Lokale Modulräume in der analytischen Geometrie. Band 1 und 2. (Local moduli spaces in analytic geometry. Part 1 and 2).

*(German)*Zbl 0644.32001
Aspects of Mathematics, D2, D3. Braunschweig/Wiesbaden: Friedr. Vieweg & Sohn. XIII, XIX, 709 S.; Bd. 1: DM 72.00; Bd. 2: DM 72.00 (1987).

The book is dedicated to the proof of the main results concerning the existence of semiuniversal deformations in analytic geometry. An elaborated, yet unitary framework allows the derivation of all existence statements by means of a common procedure, despite the diversity of the analytical objects involved: isolated singularities, compact complex spaces, holomorphic mappings, coherent sheaves, principal bundles, 1- convex spaces, etc. Essentially, the method goes back to Palamodov’s construction of a (co)tangent complex, (using simplicial resolvents), in his solution of the local moduli problem for compact complex spaces [see for instance: V. P. Palamodov, Russ. Math. Surv. 31, No.3, 129-197 (1976); translation from Usp. Mat. Nauk 31, No.3(189), 129-194 (1976; Zbl 0332.32013)].

Volume one contains holomological and analytical preparations. The categorial setting emphasizes homotopy aspects, due to the merely additive character of the categories of topological vector spaces involved. PO-spaces (which are \({\mathbb{C}}\)-vector spaces with a family \(\| \|_{\lambda}\), \(\lambda\in (0,1)\) of seminorms such that \(\| \|_{\lambda '}\leq \| \|_{\lambda}\) for \(\lambda\) ’\(\leq \lambda)\) are considered in chapter two. An appropriate notion of privileged polycylinders leads to a splitting criteria for certain complexes of sections, to be used later in the case of the tangent complex. The volume ends with a quotient theorem which is the pattern for various existence theorems obtained in volume two. It relies on directness assumption whose verification is quite difficult.

Volume two introduces the (co)tangent complex proving its homotopy invariance and a splitting theorem which guarantees the directness alluded to above.

The results on deformations are given in a very general form, using the notion of graded complex spaces which allows the simultaneous treatment of spaces and modules.

In the case of holomorphic mappings the following theorem is obtained: Let \(f: X\to Y\) be a proper mapping of complex spaces for which the \({\mathcal O}_ Y\)-module \({\mathcal T}^ 1(f,{\mathcal O}_ Y)\) has discrete support. Let \(F\subset Y\) be finite. Then the germ (f,F): (X,f\({}^{- 1}(F))\to (Y,F)\) of f over F has a semiuniversal deformation.

When Y is a simple point, this gives the existence theorem for compact complex spaces.

The technical apparatus which in the end leads to such geometrically palpable results is quite demanding and unity of procedure requires higher levels of abstraction.

A few external references remain necessary for logical completeness, while for motivations, intuitive background and early history of the subject, a book such as K. Kodaira’s “Complex manifolds and deformations of complex structures”, Springer Verlag (1986; Zbl 0581.32012) might prove helpfull.

Volume one contains holomological and analytical preparations. The categorial setting emphasizes homotopy aspects, due to the merely additive character of the categories of topological vector spaces involved. PO-spaces (which are \({\mathbb{C}}\)-vector spaces with a family \(\| \|_{\lambda}\), \(\lambda\in (0,1)\) of seminorms such that \(\| \|_{\lambda '}\leq \| \|_{\lambda}\) for \(\lambda\) ’\(\leq \lambda)\) are considered in chapter two. An appropriate notion of privileged polycylinders leads to a splitting criteria for certain complexes of sections, to be used later in the case of the tangent complex. The volume ends with a quotient theorem which is the pattern for various existence theorems obtained in volume two. It relies on directness assumption whose verification is quite difficult.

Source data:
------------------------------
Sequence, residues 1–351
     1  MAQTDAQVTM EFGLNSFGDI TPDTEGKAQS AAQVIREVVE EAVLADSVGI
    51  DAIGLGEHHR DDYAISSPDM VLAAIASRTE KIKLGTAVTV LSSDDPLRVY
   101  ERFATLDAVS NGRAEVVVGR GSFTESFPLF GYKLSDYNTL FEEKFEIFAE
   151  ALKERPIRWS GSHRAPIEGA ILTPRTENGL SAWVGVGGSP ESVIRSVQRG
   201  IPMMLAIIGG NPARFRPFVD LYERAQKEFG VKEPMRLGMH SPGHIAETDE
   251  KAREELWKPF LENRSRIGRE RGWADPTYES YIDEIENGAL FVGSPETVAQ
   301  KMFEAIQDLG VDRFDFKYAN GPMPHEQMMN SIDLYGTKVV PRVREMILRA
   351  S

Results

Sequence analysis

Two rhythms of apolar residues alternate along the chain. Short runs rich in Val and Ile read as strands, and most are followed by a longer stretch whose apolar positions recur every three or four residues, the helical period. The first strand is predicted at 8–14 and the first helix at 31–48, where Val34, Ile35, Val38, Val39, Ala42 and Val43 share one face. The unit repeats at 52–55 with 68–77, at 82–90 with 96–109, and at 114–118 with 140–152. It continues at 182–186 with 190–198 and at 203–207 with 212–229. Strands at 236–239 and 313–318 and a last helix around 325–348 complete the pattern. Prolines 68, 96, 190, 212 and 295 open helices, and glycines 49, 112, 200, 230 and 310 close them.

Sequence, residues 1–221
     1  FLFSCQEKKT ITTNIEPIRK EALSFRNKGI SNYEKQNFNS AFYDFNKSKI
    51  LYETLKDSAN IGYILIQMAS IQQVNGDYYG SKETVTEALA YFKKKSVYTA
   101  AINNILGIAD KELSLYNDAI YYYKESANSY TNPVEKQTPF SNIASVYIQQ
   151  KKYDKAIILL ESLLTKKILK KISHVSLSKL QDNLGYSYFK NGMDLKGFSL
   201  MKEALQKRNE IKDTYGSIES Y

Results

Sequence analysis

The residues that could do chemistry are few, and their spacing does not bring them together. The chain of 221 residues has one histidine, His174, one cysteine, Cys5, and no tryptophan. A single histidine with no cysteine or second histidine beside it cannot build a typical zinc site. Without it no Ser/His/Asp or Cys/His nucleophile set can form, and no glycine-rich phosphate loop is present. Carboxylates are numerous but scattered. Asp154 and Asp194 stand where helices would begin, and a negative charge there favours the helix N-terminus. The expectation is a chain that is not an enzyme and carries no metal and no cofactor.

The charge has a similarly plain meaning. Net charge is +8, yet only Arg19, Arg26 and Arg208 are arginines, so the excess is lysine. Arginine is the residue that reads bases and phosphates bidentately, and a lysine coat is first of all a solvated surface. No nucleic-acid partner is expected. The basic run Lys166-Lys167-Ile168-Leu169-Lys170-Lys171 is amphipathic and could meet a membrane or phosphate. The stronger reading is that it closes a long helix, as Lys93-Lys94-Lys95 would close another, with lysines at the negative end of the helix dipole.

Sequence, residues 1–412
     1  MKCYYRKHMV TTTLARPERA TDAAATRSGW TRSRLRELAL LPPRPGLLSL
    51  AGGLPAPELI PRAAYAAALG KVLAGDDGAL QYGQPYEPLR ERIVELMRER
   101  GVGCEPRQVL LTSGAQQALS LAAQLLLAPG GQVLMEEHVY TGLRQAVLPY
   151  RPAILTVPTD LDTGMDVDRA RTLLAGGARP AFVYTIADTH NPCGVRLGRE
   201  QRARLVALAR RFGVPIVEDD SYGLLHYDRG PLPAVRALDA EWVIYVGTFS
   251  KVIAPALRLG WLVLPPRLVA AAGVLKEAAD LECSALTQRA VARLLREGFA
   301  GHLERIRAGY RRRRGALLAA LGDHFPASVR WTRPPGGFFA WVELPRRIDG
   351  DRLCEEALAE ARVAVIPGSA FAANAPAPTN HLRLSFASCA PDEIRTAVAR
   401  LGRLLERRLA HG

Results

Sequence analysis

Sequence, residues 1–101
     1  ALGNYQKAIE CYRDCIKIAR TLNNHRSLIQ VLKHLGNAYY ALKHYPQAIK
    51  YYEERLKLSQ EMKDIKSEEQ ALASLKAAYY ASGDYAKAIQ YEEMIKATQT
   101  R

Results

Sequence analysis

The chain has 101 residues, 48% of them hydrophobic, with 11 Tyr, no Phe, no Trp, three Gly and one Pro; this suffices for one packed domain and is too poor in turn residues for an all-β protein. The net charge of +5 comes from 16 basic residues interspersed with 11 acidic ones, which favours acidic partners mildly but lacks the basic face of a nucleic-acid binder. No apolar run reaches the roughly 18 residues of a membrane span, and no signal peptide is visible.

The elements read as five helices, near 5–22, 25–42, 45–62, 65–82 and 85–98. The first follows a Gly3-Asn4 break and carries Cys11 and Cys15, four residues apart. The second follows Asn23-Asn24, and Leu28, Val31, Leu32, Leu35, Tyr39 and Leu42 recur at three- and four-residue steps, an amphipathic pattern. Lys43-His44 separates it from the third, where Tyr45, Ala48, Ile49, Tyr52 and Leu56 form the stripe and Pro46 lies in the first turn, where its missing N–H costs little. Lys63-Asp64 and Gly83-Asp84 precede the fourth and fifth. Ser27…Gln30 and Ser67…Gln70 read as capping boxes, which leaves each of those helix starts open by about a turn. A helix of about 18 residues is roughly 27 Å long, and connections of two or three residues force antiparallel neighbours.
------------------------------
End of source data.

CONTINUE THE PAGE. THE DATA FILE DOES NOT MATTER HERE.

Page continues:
Volume two introduces the (co)tangent complex proving its homotopy invariance and a splitting theorem which guarantees the directness alluded to above.

The results on deformations are given in a very general form, using the notion of graded complex spaces which allows the simultaneous treatment of spaces and modules.

In the case of holomorphic mappings the following theorem is obtained: Let \(f: X\to Y\) be a proper mapping of complex spaces for which the \({\mathcal O}_ Y\)-module \({\mathcal T}^ 1(f,{\mathcal O}_ Y)\) has discrete support. Let \(F\subset Y\) be finite. Then the germ (f,F): (X,f\({}^{- 1}(F))\to (Y,F)\) of f over F has a semiuniversal deformation.

When Y is a simple point, this gives the existence theorem for compact complex spaces.

The technical apparatus which in the end leads to such geometrically palpable results is quite demanding and unity of procedure requires higher levels of abstraction.

A few external references remain necessary for logical completeness, while for motivations, intuitive background and early history of the subject, a book such as K. Kodaira’s “Complex manifolds and deformations of complex structures”, Springer Verlag (1986; Zbl 0581.32012) might prove helpfull.

Reviewer: N.Mihalache

##### MSC:

32-02 | Research exposition (monographs, survey articles) pertaining to several complex variables and analytic spaces |

32G10 | Deformations of submanifolds and subspaces |

32G13 | Complex-analytic moduli problems |

32S30 | Deformations of complex singularities; vanishing cycles |

32G05 | Deformations of complex structures |